Indigenous Languages Coordinator, Queensland Memory
State Library of Queensland Indigenous Languages webpages
References and Further Reading
The following list is a selection of State Library collection items and websites that relate to Aboriginal and Torres Strait Islander language maps and are useful starting points for schools, communities and Public Libraries.
Arrowsmith, J. Map showing the range of Southern dialects of Australia. MAPS 804 1844 00000 R
Arthur, W. & Morphy, F. (2005) Macquarie atlas of Indigenous Australia: culture and society through space and time. MAPREF 305.89915 2005
Helon, G. (1994) The Goreng Goreng tribe of South-East Queensland: its’ traditional tribal territory, clan divisions and proper names. MAPS 840 1998 02000 F
Hercus, L.; Hodges, F and Simpson, J. (2002) The land is a map: placenames of Indigenous origin in Australia. Q 919.4003 LAN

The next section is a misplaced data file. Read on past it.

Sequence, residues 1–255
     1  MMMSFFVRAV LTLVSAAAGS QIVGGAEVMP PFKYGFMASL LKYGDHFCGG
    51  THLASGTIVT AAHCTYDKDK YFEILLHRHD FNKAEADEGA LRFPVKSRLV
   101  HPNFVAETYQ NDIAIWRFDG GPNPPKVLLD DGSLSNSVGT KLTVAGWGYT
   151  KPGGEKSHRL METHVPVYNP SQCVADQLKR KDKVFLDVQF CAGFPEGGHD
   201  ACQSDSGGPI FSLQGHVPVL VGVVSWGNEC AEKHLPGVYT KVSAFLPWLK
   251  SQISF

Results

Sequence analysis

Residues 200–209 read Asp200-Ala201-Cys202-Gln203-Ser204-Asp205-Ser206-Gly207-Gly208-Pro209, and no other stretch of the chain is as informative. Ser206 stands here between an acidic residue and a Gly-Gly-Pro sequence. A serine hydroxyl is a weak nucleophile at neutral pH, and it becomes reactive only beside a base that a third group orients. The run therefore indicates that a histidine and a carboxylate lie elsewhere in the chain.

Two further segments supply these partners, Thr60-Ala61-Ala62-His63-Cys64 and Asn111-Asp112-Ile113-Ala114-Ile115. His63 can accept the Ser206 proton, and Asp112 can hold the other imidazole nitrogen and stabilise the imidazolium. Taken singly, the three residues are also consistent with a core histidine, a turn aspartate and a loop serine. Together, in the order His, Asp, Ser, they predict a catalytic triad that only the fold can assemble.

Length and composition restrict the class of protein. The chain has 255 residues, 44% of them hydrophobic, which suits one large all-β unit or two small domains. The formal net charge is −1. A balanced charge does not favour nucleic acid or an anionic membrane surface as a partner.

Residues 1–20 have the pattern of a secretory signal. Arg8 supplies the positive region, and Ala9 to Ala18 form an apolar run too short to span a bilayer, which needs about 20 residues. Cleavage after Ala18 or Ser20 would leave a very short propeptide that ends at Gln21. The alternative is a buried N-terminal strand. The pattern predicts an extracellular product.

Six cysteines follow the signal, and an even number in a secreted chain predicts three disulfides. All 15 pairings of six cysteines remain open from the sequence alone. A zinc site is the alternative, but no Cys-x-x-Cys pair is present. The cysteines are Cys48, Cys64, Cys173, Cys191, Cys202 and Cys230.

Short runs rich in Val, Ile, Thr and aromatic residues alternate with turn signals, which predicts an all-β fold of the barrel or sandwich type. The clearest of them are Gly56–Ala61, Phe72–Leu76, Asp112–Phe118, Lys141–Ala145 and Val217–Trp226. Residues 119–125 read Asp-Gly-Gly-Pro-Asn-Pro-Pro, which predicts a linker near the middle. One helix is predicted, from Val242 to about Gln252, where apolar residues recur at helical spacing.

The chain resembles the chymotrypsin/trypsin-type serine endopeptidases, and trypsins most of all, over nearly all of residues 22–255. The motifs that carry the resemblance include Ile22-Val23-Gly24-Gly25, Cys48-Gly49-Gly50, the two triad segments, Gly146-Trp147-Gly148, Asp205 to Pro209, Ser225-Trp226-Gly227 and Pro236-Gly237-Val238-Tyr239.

Horton, D. (1994) Aboriginal Australia. MAPS 804 1996 04700 C
Jupp, J. (1989) Australian languages: an introductory atlas. P 306.44 jup
Lawrie, M. The Margaret Lawrie Collection of Torres Straits Materials. TR2082
McGillvray, J. (1991) Map of Cape York, showing Aboriginal place names: Shells at Port Essington. (Microfilm). FILM 0708
Petersen, N. (1976) Tribes and boundaries in Australia. J 301.2994 TRI
Roth, W. (1975) Reports to the Commissioner of Police and others, on Queensland Aboriginal peoples 1898-1903. (Microfilm) Material drawn from Queensland ethnography: bulletin, nos. 11-18 / by Walter E. Roth. FILM 0714
Shnukal, A. (1988) Broken, an introduction to the Creole language of Torres Strait. J 427 shn
Sutton, P. (ed) (1974) Languages of Cape York: papers presented to the Linguistic Symposium, Part B, held in conjunction with the Australian Institute of Aboriginal Studies Biennial General Meeting, May,1974. Australian Institute of Aboriginal Studies: Canberra. G 499.15 1976